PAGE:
Hunt backs Kendall leadership bid
Tristram Hunt has urged MPs to back Liz Kendall as Labour's next leader, as he ruled out standing with a warning that the "disproportionate" influence of trade unions could rob members of a sufficiently wide choice.
The shadow education secretary conceded that he could not count on the support of the 34 fellow MPs required to get on the ballot paper and said most appeared already committed to "a couple of candidates".
With ex-Cabinet ministers Andy Burnham and Yvette Cooper said to be confident of passing the threshold, he said he did not want to "split" nominations and risk Blairite favourite Ms Kendall not making the cut.
A supporter of the Kendall campaign said: "We've got the numbers. We're in the race."
Mr Hunt's comments appeared to suggest that the fourth declared hopeful - shadow international development secretary Mary Creagh - might also struggle to get the necessary signatures to join the race to succeed Ed Miliband and try to rebuild the Opposition in the wake of a crushing general election defeat.
In a speech putting a lid on days of speculation over whether he would throw his hat in the ring, the TV historian said it was vital the party was presented with an "effective choice" of candidates to deal with "the greatest crisis the Labour Party has ever faced".
"I haven't got the necessary numbers. I want as broad a range of candidates on the ballot as possible. And in order to do that I myself need to step back," he said at the headquarters of the thinktank Demos.
He said he hoped that, as a result, "we have a good conversation over the coming months and those from different wings of the party put their views to party members".
"It is surprising that the nomination process to select a leader for at least the next five years appears to have been largely decided within, at most, five days of a devastating general election defeat," he said.
"But it is clear to me that I do not have sufficient support to be certain that I can run for the leadership myself. And it is also clear to me that in trying to gather the names I need, there is a real risk that I might help restrict the choice for the party.
"That is not a risk I am prepared to accept. Instead, I am offering my endorsement to my colleague, Liz Kendall.
"Liz appreciates the nature of the crisis, she speaks effectively to large parts of the country that we need to regain. I think she marries a determination about economic efficiency and social justice and also, like me, she shares a real belief in addressing inequality in the early years."
In a barely-disguised swipe at perceived efforts of trade unions such as Unite - and its leader Len McCluskey - to consolidate support around shadow health secretary Mr Burnham, he said: " We need more of the D emos - the individual members, supporters and affiliated supporters who make up our party.
"And we need less dictation by individuals and individual factions that still seek to wield an influence that is both disproportionate to what they deserve and contrary to the egalitarian principle of one member, one vote."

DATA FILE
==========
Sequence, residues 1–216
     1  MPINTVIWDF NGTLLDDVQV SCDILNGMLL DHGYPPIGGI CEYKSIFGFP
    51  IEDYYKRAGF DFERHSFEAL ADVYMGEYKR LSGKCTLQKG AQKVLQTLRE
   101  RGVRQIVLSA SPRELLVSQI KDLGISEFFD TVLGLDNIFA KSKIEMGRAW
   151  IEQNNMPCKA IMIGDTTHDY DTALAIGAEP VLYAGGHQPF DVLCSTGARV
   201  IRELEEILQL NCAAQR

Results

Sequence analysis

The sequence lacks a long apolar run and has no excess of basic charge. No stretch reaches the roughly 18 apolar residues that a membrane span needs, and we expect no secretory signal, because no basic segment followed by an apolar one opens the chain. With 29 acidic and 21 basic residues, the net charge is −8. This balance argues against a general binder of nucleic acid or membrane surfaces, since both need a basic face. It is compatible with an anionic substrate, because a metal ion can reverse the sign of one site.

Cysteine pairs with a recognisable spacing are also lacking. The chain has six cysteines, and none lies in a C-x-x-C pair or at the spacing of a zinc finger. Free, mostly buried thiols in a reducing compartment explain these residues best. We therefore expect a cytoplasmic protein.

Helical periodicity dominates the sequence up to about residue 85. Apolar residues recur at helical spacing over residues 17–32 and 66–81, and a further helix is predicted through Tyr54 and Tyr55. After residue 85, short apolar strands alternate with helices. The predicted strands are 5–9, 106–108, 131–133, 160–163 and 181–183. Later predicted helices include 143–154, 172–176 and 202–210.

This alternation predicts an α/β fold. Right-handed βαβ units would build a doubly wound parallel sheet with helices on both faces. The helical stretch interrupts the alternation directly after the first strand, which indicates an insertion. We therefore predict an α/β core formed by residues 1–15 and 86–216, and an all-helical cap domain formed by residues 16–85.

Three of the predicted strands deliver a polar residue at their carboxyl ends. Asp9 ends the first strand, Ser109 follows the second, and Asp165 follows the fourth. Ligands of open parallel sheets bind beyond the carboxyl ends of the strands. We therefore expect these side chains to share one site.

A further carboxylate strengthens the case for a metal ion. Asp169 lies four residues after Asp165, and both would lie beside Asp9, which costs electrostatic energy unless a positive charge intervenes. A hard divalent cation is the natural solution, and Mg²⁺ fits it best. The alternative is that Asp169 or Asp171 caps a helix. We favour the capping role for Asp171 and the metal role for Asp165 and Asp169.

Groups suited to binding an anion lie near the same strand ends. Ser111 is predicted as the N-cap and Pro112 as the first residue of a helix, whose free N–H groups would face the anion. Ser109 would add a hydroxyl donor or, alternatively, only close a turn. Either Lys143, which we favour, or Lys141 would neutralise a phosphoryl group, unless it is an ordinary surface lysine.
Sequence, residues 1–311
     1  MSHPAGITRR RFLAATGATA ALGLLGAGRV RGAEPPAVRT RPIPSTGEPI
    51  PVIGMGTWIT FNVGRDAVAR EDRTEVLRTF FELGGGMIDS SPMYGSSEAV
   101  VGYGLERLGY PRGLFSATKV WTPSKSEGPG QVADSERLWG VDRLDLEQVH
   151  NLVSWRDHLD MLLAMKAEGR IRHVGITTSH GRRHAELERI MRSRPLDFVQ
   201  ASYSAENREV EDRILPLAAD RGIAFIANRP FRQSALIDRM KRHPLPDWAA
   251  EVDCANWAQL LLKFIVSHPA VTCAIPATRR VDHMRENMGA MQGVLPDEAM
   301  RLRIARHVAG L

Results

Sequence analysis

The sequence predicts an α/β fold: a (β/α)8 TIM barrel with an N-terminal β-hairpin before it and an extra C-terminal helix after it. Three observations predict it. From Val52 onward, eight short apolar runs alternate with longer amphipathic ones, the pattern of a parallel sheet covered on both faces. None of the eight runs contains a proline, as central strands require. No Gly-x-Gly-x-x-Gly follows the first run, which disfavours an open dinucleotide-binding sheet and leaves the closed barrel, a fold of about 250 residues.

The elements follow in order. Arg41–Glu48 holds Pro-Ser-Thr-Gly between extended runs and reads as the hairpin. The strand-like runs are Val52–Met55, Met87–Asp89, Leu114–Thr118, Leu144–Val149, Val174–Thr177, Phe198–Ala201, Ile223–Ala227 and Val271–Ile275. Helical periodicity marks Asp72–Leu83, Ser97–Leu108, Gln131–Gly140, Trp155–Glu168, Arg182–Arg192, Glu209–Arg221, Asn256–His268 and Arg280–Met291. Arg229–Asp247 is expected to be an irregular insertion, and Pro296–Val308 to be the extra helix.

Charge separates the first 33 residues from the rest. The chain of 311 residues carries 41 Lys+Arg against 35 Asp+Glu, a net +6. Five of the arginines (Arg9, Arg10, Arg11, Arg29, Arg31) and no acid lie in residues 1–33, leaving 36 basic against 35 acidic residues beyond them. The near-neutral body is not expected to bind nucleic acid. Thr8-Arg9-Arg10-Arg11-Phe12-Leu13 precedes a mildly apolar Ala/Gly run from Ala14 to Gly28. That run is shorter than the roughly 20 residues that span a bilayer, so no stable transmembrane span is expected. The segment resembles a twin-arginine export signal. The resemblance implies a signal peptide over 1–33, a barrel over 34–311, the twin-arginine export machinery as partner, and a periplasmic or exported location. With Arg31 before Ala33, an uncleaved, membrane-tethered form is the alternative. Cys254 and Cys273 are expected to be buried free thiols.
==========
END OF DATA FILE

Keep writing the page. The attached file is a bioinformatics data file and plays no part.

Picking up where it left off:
In a wide-ranging speech, Mr Hunt criticised the "timid, institutionalised caution" which he said characterised the party's general election campaign under Mr Miliband.
He called for the adoption of a "100% strategy" to gain support across the country, rather the so-called "35% strategy" aimed at winning just enough voters to get them back into power.
In comments likely to be seen as being aimed at Mr Burnham, he warned that if the party turned "further inwards", it could "wither away" altogether.
"We did not lack for political ideas, what we lacked was political courage. In our strategic straitjacket we refused to accept them, to make the argument for them, or to build them into a new sense of mission," he said.
It was up to others to decide whether he was guilty of "naivety or inefficiency" in falling short, he said, but hinted that others had been preparing their bids while he and other colleagues were focused on winning the general election.
"What I will say is that I certainly was not as prepared as I could have been for the aftermath of the general election," he said when asked directly.
"There are others with longer, more established connections within the party who perhaps could draw on those more swiftly than I could but I focused on trying to get a Labour government into Downing Street."
He added: "I don't think it's a crime to work right up to when the polls closed to deliver a Labour government. My thinking was focused on that."
Ms Kendall said: "Tristram is a big talent. I am delighted to have his backing to be Labour's next leader.
"Tristram's support and ideas will be important as we seek to change so Labour can win back the trust of the British people."
Mr Hunt also backed the need for the party to reform its rules to allow sitting leaders to be challenged.
There should be an " escape valve if there are fears about the future of the party so that there is a route to avoid some of that instinctive sentimentality that the party has within it", he suggested.
"Whether that's a break clause or putting yourself up as leader to a vote of confidence.
"You need to judge it carefully because you do not want these things happening all the time and undermining the leadership, but you could get to a position where, if there is a lack of confidence among a certain number of MPs, then you have a trigger process."
Ms Cooper announced shadow defence secretary Vernon Coaker and shadow chief secretary Shabana Mahmood will be co-chairs of her leadership campaign.
Mr Coaker said he was backing the shadow home secretary because " she is the candidate who can win the next election and give us a Labour Government", while Ms Mahmood said: " For Labour to form a government in 2020 we need to be winning in those areas we failed to gain support this time round. Yvette is the leader to do this and her campaign will be the start of that process."